Elder Care

The activities of daily living and everything else you need to know to get through the 36-hour day.

How to keep seniors safe at home

How to keep seniors safe at home

by STEPHANIE ERICKSON
Contributor

It is very scary to know that our parents are living alone in their home as they begin to lose physical and cognitive functioning.

We want to respect their decision to remain autonomous at home for as long as possible so we search for ways to make this happen. The following is a complete list of all of the areas in your home that present a danger to your parent or loved one, outlines the factors that increase risk and offers concrete suggestions to reduce the identified risks.

Emergency Preparation:

Get the name of neighbor/friend/relative and phone number to contact in the case of an emergency and you are not able to get to your loved one’s home.

Post your name and phone number next to every phone AND give this information to AT LEAST one neighbor/friend.
Obtain the name of a community member, social worker, other professional to contact in the case of an emergency and/or regular updates.

Give an extra key to a neighbor or friend, have an extra key for yourself, and hide one outside the home (if you feel comfortable) so someone can gain access to the home in an emergency.

Register with Medic-Alert or LifeLine and get a bracelet for your parent so he/she can access help if there is a fall.

Make sure all legal documents (power of attorney, mandates in the case of incapacity, etc. are updated and complete).

Risk Factors for a Fall:

Over 75 years old
Living alone
Housebound
Use of cane/walker
Previous falls
Acute illness, chronic conditions, tremors (neurological disorders)
Multiple medications
Cognitive impairment
Vision and hearing problems
Difficulty sitting/standing from a chair/bed
Foot problems
Alcohol/drug use
Poor nutrition
Balance/equilibrium problems

Bathroom Safety:

Install grab bars in the bathtub or shower and by the toilet
Use rubber mats in the bathtub or shower
Use a shower chair or bench
Take up floor mats when the bathtub or shower is not in use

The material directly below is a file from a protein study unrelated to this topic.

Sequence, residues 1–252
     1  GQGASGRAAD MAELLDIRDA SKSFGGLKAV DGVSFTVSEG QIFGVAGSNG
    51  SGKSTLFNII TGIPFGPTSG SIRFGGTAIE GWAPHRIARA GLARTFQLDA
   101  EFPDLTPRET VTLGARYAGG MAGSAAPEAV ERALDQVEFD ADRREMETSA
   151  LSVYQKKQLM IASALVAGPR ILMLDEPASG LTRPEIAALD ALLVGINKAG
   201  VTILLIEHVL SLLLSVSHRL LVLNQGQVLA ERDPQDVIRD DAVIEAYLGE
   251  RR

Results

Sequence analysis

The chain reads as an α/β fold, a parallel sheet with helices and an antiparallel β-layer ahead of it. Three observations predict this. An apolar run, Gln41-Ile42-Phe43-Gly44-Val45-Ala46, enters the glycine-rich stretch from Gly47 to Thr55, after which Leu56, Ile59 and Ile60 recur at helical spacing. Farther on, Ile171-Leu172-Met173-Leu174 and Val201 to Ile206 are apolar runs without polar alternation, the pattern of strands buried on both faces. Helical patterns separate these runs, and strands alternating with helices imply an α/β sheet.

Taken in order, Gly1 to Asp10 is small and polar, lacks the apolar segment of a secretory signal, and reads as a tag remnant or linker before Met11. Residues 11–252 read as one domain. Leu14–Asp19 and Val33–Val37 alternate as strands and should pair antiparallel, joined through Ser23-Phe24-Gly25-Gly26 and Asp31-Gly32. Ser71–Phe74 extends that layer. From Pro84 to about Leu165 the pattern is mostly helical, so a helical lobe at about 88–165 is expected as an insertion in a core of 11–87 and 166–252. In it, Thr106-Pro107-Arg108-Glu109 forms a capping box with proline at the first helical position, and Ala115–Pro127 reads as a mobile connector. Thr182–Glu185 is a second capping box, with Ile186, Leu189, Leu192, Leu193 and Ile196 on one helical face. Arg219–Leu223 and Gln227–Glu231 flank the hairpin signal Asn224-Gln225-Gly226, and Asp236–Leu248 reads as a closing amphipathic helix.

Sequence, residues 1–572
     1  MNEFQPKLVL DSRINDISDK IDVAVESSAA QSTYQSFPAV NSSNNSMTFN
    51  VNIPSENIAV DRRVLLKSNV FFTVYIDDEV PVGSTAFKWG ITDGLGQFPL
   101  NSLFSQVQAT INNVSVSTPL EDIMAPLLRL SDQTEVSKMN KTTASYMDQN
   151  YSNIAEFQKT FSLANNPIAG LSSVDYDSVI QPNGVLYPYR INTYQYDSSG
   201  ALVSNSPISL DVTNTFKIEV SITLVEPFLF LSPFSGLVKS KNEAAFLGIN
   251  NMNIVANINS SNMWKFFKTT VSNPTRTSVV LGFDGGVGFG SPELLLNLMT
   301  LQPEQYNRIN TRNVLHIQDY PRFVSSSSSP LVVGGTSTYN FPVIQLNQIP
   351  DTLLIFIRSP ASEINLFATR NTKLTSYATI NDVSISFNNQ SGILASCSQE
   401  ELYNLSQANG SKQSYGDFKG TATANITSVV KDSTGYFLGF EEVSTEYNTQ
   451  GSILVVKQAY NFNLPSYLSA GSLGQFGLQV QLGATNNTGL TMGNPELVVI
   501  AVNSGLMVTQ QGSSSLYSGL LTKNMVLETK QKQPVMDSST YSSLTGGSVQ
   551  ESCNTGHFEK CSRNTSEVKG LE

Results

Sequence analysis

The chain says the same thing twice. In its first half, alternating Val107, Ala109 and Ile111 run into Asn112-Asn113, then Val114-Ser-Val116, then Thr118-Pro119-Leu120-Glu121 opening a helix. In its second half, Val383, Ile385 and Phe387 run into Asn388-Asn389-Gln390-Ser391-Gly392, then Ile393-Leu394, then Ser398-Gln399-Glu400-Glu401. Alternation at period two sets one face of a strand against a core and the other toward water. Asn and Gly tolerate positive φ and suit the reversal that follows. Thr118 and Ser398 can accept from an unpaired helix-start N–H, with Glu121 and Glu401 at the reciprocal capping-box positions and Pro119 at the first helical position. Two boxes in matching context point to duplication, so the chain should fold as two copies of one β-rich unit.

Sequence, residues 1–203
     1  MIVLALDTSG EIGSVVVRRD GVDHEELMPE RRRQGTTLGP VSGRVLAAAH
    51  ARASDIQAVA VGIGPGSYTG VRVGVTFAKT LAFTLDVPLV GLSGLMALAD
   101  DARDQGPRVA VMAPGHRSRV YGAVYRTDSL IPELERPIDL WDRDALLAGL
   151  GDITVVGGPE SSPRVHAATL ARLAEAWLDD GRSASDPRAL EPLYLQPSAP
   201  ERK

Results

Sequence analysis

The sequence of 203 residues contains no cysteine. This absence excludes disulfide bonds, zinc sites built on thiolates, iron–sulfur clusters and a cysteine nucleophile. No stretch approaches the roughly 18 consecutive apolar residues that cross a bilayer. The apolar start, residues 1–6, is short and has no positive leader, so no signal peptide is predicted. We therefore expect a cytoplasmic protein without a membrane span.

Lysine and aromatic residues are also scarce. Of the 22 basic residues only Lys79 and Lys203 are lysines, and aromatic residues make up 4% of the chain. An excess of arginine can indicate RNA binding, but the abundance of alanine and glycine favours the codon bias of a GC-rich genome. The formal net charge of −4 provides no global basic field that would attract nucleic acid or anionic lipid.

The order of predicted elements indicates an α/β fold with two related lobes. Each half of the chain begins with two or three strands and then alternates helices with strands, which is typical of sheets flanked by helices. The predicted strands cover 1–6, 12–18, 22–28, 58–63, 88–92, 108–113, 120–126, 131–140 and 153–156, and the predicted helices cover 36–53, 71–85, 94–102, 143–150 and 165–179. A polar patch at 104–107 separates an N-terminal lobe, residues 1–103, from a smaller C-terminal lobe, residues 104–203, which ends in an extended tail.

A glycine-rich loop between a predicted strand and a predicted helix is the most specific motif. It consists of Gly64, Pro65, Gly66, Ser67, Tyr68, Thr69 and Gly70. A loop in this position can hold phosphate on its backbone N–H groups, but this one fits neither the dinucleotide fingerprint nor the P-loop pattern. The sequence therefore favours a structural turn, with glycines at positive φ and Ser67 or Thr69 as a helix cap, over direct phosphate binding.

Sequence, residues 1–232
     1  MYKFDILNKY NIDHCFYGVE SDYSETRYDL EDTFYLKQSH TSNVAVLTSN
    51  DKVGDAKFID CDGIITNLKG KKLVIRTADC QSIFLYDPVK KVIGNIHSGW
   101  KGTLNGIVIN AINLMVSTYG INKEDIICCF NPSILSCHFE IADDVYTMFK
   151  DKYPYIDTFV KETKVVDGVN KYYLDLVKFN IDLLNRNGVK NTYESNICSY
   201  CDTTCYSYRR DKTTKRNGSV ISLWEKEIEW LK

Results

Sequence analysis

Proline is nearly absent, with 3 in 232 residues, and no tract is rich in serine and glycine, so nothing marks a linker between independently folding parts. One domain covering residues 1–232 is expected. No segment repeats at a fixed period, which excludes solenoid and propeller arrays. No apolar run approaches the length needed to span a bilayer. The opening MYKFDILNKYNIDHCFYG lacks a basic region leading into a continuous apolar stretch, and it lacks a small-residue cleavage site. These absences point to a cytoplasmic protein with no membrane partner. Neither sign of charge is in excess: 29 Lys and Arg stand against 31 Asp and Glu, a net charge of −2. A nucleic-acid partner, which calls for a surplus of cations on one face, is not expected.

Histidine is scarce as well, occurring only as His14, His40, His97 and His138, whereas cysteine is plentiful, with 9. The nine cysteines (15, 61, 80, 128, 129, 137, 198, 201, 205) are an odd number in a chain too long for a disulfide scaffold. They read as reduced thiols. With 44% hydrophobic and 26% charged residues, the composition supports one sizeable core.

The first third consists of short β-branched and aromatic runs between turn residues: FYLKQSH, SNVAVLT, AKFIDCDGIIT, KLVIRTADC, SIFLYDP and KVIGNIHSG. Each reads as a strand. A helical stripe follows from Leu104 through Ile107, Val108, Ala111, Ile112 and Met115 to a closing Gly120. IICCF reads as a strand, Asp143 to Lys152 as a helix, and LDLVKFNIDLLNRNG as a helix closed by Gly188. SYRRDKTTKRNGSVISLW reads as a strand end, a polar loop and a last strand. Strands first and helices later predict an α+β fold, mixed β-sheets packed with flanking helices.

Install a raised toilet seat
Remove tub and install a shower with a minimal step-up
Place a chair in shower stall
Use a telephone shower head

Kitchen Safety:

Use automatic tea pot
Remove rugs without a non-stick service
Place frequently used pots and pans at waist level to minimize bending and stretching
Use a microwave to reduce use of oven/stove
Disconnect stove/oven fuses if there are memory impairments and it has been left turned on in the past

Outdoor Safety:

Repair cracked sidewalks
Install handrails on stairs and steps or install a ramp
Trim shrubbery along the pathway to the home
Install adequate lighting by doorways and along walkways leading to doors

Living Space Safety:

Remove throw rugs, or tape down to secure
Secure carpet edges
Avoid visually distracting patterns on flooring/carpets
Mark transitions from carpet to flooring with a different color paint/stripe
Remove low furniture and chairs that are too low to get up/down
Remove objects on the floor
Reduce clutter
Remove cords and wires on the floor
Avoid floor wax or use nonskid wax
Ensure the telephone can be reach while laying on the floor

Stair Safety:

Install hand rails on both sides of staircases at elbow height
Make sure an adult can wrap their hand completely around the handrail
Attach them securely to walls or posts
Secure carpet on treads of stairs
Install light switches at the top/bottom of stairways
Do not reduce lighting in stairways; in fact, increase the lighting
Do not place rugs at the top/bottom of stairs
Leave one hand free to hold the handrail when carrying objects
Check lighting for adequate illumination at night, especially in the pathway to the bathroom and on stairs

General safety:

Wear shoes or slippers that fit properly and have a non-slip sole
Remove reading glasses when walking up/down stairs
Install a telephone on every level of the home, especially in the bedroom, kitchen, and bathroom
Install a bathroom on each floor
Understand side-effects of medications, such as dizziness
Avoid alcohol
Avoid carrying large or heavy objects, such as laundry baskets
Get up slowly from a sitting or laying position; sit on the side of the bed before rising
Wear clothing with an elastic waistband for easy removal



About the author

Stephanie Erickson

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